DIY Garden Project: Making a Focal-Point Pond

Few garden focal points are as hard-working as a pond. The sounds masks neighborhood noise, the water invites wildlife, and the sight draws all eyes.

 

Northeast yard from back corner before the pond

When we moved into our home, the backyard was pretty much a blank slate with lots of overgrown, volunteer trees. And one maple that was deliberately sited but dead all through the center. After removing them, the landscape needed something special to make it inviting.

 

Narvas chops a tree

That maple turned out to be the ideal spot for a focal point and as Narvas dug out the stump, it became clear that a pond would be a perfect solution.

 

Digging out the tree stump

If you’re going to have to work that hard and dig that deep, why not make something wonderful out of it?

The pile of dirt from around the stump will form the base of a waterfall.

 

Creating the waterfall

After removing the stump and shaping the hole for the pond, Narvas carved out steps for the waterfall and inserted a spillway that holds the filters and creates the cascade with a 2-foot-wide weir.

 

Trench for tubing and wiring

At the opposite end of the pond, a skimmer holds the pump. In a trench dug around the right side of the pond we buried both the tubing that carries the water from the pump to the waterfall and an electrical line inside a PVC pipe to the grounded electrical outlet at the rear of the waterfall.

 

Rocks placed on waterfall steps

Plastic liner waterproofed the steps of the waterfall. A series of flat stones provided definition to the design. With that complete, the pond took shape with a shelf that runs around both sides. A long plank of wood helped us ensure the overall construction is level. See how this works in more detail. 

 

Planting the berm around the waterfall

While the pond was being shaped, it was time to blend the waterfall berm into the landscape. We added some soil amendments and a few large rocks scattered here and there on the mound to tie it to the waterfall.

 

Plants around waterfall

Nestling a new structure into a garden takes time, so we opted for plants that fill in quickly like petunias and liriope, along with a few evergreen boxwoods for all-season interest, and variegated plants to brighten shady spots.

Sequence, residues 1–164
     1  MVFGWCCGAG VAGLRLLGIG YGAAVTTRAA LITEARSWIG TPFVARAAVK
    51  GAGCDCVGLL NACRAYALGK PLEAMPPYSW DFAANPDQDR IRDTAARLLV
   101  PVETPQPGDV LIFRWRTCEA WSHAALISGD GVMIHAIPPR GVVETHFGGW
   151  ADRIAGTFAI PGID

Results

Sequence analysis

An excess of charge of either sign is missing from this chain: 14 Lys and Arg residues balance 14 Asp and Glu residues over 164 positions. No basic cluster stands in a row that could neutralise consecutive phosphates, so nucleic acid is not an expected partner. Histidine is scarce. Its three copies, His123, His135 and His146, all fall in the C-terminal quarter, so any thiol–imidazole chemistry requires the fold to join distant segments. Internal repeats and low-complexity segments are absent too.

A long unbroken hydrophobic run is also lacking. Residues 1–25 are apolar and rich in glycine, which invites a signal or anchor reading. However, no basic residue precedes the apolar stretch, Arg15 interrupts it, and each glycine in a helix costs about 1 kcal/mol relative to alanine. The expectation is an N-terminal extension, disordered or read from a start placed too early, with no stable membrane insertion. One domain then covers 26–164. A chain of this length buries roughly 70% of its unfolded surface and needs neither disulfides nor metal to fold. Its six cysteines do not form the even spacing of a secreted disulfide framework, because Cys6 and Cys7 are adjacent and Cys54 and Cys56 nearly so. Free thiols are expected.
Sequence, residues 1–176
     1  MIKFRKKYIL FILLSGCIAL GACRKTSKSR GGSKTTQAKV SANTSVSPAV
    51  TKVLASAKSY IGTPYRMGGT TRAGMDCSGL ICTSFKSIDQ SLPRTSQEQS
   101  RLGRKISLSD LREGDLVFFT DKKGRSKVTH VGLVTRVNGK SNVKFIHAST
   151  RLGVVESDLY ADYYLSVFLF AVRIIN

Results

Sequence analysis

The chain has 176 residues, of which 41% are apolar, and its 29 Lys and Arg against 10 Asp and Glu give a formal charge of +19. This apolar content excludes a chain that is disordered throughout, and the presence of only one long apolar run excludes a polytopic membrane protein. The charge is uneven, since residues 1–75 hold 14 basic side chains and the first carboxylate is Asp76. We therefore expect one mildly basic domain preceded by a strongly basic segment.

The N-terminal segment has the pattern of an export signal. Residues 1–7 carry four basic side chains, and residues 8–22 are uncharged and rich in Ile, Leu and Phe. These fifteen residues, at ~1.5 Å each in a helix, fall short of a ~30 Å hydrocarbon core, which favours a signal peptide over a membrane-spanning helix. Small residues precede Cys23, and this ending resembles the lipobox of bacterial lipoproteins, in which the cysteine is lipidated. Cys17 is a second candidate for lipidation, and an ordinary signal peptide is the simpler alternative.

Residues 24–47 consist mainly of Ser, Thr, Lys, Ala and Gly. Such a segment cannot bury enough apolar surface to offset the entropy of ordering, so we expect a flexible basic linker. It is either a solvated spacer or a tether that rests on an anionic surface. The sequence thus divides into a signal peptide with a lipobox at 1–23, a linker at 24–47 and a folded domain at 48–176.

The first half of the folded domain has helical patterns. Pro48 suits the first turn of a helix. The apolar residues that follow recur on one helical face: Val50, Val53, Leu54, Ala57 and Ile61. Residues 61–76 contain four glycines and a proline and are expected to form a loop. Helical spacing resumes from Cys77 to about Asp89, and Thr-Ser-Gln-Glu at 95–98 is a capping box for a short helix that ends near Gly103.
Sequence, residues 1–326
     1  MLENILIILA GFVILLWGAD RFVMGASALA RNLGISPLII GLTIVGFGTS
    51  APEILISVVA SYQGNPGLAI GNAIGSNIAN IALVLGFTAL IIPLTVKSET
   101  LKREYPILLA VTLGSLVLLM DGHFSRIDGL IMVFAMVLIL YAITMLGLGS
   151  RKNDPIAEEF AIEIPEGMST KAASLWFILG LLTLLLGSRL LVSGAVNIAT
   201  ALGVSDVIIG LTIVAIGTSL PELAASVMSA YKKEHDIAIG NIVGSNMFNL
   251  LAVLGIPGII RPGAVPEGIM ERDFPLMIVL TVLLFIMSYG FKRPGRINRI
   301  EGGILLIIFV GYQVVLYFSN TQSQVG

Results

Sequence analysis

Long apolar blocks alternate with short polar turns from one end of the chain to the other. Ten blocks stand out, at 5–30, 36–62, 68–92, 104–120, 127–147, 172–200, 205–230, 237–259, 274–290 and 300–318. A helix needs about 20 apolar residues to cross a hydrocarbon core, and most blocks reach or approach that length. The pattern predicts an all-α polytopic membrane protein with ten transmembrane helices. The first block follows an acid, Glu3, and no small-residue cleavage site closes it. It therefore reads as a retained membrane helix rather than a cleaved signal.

Narvas resting in a chair

While I was planting, Narvas took a well-earned rest before installing the final pond components.

 

Hannah resting on pond liner

Adding the rubber liner and outlining the waterfall with large rocks was hard work so Hannah took a breather with her faithful companion nearby.

Filling the pond with water helped to settle the liner in place. Water plants and stones anchor the liner on the shelves that encircle the pond.

 

Testing the waterfall

With all the components in place, it was time to test the waterfall. We adjusted the placement of the flat stones to change the pattern of the water flow. A nice long drop from the last stone to the surface of the pond makes the splash of the waterfall louder.

 

Rock patio

The final design element was a patio of Pennsylvania bluestone and river rock around the pond.

 

Rocks stones and pavers bordering the pond

Laid on a bed of leveled sand, the stones and rocks were fixed in place with concrete and an outline of pavers.

 

Plants in pond

A mixture of submerged plants, marginal potted plants on the shelves, and free-floating water plants provide oxygen and filter the water.

 

First fish

When chlorine is removed from the water, it becomes a haven for a few fish while we allowed the pond to settle into a balanced ecosystem.

 

Pond lighting at night

Low-watt lighting turns the pond into an evening focal point as well.

 

Pond and rock patio

The pond was finished and quickly established itself as the main feature of the backyard. The floating plants have a tendency to take over so they have to be thinned out from time to time.

 

Growing plants around waterfall

We moved and added plants throughout the season to get a low-maintenance garden around the waterfall that would give us a lush look from year to year without a lot of fuss.

In the next post, you’ll see how the pond progressed in its second season. I think you’ll be surprised!

 

© Caruth Studio

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2 Comments

  1. cathispick

    Love your water feature! Such talent!

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